Meanwhile, in the year since her trip to Africa, Vice President Harris has focused on digital inclusion in Africa, recognizing that the spread of digital technology has the potential to promote economic opportunity and gender equality and to create jobs, as well as open new markets for U.S. exports. Last week, she announced that the African Development Bank Group and Mastercard have launched the Mobilizing Access to the Digital Economy Alliance (MADE), which is working with public and private investors to provide digital access for 100 million individuals and businesses in Africa over the next ten years, focusing first on agriculture and women. 

Kenya’s President Ruto won election in 2022, promising voters that he would champion the “hustlers,” the young workers piecing together an income informally. U.S. ambassador to Kenya Meg Whitman, former chief executive officer of eBay and Hewlett-Packard and unsuccessful 2010 Republican candidate for governor of California, has supported this idea of economic development. Focusing on “commercial diplomacy,” she has worked with Ruto to encourage business investment in Kenya.  

At a state luncheon with President Ruto last week, Harris reiterated her belief “that African ideas and innovations will have a significant impact on the future of the entire world—a belief driven in part by the extraordinary creativity, dynamism, and energy of young African leaders” and by the continent’s young demographic. She reiterated the need to “revise and upgrade the U.S.-Africa narrative, which is long overdue; and to bring fresh focus to the innovation and ingenuity that is so prevalent across the continent of Africa.” She warned: “Any leader that ignores the continent of Africa is doing so at their own peril.” 

While Kenya’s main economic sectors are agriculture, manufacturing, and tourism, it is also a technology hub, and Harris called out its “Silicon Savannah,” a technology ecosystem that produced the cellphone-based money transfer system M-PESA, as well as startups making biodegradable plastics, creating drinking water from humidity, and so on. 

Ruto thanked Harris and Biden “for helping us reshape, reengineer, and write a new narrative for our continent.” Africans “are going to write our own story,” Ruto said, adding that the narrative of “this continent of conflict, trouble, disease, poverty” is “not the story of Africa.” “Africa is a continent of tremendous opportunity,” he said, “the largest reserves of energy—renewable energy resources; 60 percent of the world’s arable, uncultivated land; 30 percent of…global mineral wealth, including those that are necessary for energy transition; the youngest continent, which will produce 40 percent of the world’s…workforce by 2050 and where a quarter of the world’s population will be living, providing the world’s biggest single market. In short,” he said, “Africa is a rich continent and a continent of opportunity.”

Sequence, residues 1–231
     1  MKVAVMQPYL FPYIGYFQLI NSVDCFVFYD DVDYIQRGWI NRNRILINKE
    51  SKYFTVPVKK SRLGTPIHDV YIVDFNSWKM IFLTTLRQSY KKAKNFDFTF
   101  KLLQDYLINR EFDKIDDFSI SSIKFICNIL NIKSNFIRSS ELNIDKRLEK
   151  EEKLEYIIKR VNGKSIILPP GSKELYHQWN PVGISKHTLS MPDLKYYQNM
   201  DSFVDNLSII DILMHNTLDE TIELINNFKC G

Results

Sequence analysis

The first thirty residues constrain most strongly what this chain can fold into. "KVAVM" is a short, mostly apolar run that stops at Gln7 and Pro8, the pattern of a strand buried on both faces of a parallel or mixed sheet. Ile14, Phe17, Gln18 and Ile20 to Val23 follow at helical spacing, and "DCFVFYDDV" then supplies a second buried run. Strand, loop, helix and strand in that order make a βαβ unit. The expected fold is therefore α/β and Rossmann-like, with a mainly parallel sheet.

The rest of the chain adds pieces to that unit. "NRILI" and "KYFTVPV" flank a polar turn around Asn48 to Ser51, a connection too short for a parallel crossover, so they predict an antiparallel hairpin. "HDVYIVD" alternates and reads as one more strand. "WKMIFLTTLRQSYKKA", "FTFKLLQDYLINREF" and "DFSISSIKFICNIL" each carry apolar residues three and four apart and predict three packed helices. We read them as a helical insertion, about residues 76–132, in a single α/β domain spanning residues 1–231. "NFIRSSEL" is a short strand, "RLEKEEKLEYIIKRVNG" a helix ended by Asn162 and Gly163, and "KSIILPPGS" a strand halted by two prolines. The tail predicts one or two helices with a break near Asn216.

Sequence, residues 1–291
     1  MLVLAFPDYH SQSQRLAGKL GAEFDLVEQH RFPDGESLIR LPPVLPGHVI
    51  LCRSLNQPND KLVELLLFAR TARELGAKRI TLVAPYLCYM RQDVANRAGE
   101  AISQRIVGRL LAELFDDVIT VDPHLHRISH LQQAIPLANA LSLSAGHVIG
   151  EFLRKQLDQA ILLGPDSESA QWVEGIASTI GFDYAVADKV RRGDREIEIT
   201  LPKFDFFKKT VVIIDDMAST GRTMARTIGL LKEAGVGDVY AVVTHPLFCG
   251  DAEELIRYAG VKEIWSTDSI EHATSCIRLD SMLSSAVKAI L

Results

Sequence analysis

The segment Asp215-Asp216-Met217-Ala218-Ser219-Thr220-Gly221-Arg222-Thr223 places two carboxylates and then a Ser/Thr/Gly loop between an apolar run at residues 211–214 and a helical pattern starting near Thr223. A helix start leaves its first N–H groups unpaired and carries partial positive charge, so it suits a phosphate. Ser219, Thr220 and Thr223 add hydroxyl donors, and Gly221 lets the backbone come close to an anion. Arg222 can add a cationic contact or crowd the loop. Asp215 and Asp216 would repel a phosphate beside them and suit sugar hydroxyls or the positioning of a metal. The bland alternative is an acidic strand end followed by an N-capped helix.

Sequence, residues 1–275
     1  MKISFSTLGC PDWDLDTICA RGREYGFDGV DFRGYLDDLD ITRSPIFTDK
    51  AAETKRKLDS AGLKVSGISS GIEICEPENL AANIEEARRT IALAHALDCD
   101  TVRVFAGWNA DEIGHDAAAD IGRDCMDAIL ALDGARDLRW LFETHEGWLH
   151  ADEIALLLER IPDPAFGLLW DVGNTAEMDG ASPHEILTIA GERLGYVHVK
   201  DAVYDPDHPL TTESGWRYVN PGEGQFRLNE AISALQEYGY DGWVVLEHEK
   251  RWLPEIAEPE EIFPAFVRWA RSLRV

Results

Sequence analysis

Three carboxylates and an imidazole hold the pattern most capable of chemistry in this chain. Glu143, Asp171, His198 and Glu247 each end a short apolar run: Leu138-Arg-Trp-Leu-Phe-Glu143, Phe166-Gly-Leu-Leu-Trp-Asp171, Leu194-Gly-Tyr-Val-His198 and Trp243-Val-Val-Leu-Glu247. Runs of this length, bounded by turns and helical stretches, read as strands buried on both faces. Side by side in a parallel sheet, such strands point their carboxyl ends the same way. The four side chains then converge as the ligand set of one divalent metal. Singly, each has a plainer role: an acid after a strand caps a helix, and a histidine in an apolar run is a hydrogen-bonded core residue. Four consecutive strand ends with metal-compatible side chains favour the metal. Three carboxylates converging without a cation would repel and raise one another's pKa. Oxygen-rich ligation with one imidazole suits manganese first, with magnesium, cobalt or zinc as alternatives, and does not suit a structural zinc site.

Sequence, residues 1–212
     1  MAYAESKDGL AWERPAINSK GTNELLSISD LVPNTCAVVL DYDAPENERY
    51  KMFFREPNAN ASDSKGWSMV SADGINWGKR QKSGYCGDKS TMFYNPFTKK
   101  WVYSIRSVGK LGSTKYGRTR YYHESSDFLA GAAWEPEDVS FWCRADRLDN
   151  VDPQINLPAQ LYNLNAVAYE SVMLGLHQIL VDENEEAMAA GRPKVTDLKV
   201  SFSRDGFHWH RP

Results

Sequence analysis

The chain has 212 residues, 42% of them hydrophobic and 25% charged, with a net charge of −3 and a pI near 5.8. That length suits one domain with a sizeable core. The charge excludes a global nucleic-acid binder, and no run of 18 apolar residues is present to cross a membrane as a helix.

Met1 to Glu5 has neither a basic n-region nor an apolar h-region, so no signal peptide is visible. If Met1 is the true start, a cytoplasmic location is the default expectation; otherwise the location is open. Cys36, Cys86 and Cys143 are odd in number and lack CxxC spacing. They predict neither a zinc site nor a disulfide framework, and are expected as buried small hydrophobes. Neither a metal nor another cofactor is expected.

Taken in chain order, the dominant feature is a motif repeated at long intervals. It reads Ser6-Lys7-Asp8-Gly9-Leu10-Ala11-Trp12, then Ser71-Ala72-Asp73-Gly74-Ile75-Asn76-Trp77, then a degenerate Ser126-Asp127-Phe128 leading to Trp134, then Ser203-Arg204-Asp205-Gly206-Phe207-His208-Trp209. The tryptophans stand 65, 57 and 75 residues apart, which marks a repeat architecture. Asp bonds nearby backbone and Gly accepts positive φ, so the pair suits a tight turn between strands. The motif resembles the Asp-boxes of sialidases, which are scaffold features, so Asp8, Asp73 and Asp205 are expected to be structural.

In a conversation with Vice President Harris and Ambassador Whitman, President Ruto said that the young population of Africa is “tech hungry” and that technology “is the instrument that we can use to leapfrog Africa from where we are to…catch up with the rest of the world.” The digital space, he said, is the space that will create the greatest output from young people and women. To that end, he said, Kenya is investing 30% of its annual budget in education, training, knowledge, and skills. 

As part of his reach for global leadership, Ruto has put Kenya at the front of an initiative backed by the United Nations for a multinational security intervention in Haiti, where officials have asked for help restoring order against about 200 armed gangs in the country, coalitions of which control about 80% of the capital, Port-au-Prince. The assassination of Haitian president Jovenel Moïse in July 2021 exacerbated political instability in Haiti by creating a power vacuum, while weapons flowing into the country, primarily from straw purchases in the U.S., fed violence. Last year, then–prime minister Ariel Henry had pleaded with the United Nations Security Council to bolster Haitian security forces and combat the gangs.

The U.S. declined to lead the effort or to provide troops, although it, along with Canada and France, is funding the mission. On Thursday, Biden explained that “for the United States to deploy forces in the hemisphere just raises all kinds of questions that can be easily misrepresented about what we’re trying to do…. So we set out to find…a partner or partners who would lead the effort that we would participate in.” Kenya stepped up, although Kenyan opposition leaders, lawyers, and human rights groups are fiercely opposed to deploying Kenyans to the Caribbean nation.